On the DDT Control of Synosternus Pallidus Taschenberg (Siphonaptera, Pulicidae) in Dakar, Senegal, French West Africa

Leo Kartman
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Summary and Conclusions

In view of the possible importance of Synosternus pallidus Taschenberg as a vector of plague to humans, field experiments are described which tested the residual action of DDT upon adults of this flea species in native huts of the Dakar region of French West Africa.

Data are also given on the immediate effect of DDT in relation to the biting activity of S. pallidus.

A 5% DDT-kerosene solution, when paint sprayed directly upon the floor or air saturated, gave an approximate 100% initial kill of adult S. pallidus and a residual kill which extended to 64 days or more.

A 10% DDT-talc dust, when applied to the floors of native huts, gave initial and residual kill of S. pallidus adults comparable to that of a 5% DDT-kerosene spray. The DDT dust seemed to produce a slightly lower initial kill and a slightly longer residual action than the spray, although the difference was not significant.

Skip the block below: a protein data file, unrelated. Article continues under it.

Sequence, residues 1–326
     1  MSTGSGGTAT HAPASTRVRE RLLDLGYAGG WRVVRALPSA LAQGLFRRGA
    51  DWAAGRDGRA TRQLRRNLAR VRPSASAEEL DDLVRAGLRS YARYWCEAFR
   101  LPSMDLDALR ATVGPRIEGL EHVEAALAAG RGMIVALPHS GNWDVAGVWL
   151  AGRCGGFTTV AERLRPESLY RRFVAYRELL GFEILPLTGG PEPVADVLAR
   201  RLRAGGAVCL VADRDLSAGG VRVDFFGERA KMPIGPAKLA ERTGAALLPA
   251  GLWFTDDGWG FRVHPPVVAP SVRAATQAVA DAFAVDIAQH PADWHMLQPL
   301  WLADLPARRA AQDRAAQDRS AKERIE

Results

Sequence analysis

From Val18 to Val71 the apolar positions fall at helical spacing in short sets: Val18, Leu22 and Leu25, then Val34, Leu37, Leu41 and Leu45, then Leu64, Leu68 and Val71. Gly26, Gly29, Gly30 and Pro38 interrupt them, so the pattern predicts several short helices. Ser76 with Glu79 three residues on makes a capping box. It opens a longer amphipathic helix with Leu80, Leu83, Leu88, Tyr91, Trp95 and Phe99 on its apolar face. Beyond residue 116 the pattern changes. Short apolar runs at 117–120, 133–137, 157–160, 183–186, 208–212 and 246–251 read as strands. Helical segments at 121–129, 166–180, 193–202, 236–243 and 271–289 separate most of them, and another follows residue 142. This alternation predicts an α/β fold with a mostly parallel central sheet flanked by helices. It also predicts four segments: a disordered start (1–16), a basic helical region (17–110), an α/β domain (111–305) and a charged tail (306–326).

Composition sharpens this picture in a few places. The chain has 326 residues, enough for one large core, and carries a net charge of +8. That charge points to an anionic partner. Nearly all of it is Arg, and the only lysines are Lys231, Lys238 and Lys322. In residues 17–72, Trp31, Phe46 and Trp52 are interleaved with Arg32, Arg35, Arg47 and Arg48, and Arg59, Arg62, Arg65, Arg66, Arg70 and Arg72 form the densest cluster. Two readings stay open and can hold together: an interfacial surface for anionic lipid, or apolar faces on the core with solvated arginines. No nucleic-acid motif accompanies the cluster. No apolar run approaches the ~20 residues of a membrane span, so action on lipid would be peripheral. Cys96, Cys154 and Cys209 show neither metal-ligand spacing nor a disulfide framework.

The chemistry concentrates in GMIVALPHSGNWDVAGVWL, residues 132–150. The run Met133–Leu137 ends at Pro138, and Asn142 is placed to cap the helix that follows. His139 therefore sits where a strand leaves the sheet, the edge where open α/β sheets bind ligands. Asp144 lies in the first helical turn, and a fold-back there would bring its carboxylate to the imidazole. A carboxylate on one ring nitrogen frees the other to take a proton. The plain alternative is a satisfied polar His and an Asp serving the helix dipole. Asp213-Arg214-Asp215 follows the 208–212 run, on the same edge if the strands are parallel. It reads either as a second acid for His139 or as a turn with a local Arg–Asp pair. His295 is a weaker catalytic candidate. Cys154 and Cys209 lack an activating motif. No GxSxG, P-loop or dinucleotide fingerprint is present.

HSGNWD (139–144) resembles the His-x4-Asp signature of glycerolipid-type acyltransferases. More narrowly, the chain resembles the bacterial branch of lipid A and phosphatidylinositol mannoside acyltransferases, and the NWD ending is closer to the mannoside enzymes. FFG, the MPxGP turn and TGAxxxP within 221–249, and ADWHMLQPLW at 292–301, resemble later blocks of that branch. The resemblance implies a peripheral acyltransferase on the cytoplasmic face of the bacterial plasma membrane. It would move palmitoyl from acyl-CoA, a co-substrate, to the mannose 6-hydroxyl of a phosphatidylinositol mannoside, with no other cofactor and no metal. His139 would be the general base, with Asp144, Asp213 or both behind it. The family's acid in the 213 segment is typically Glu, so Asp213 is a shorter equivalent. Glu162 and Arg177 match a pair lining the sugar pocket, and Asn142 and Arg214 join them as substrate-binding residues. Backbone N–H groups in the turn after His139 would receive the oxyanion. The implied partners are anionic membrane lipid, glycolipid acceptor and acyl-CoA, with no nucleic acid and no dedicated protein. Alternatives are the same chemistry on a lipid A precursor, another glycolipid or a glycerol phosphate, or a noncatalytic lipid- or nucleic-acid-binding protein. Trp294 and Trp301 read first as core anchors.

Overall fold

Dosages in excess of 100 mg. of DDT per square foot showed no appreciable advantage both as regards initial knock-down and residual action against S. pallidus.

The air saturation of native huts with a pure kerosene spray gave a poor initial kill and no residual effect of any significance on S. pallidus.

The biting activity (host seeking) of adult S. pallidus was inhibited approximately 10 minutes after the floor of a native hut was sprayed with a 5% DDT-kerosene solution at the rate of about 100 mg. of DDT per square foot.

Adult S. pallidus exhibited typical DDT-toxicity in a minimum of 10 minutes after floors were treated. These fleas died in from 3 to 5 hours after contact with DDT.

The initial and residual kill by DDT of S. pallidus, on a large scale under practical field conditions, suggests that this may be an effective addition to established procedure in the prophylaxis and control of flea-borne disease. This would obtain especially in conditions where the flea species is highly domestic, feeds on humans, and is known to be a vector of plague or other diseases from man to man.

Author Notes

Second Lieutenant, Sanitary Corps, Army of the United States.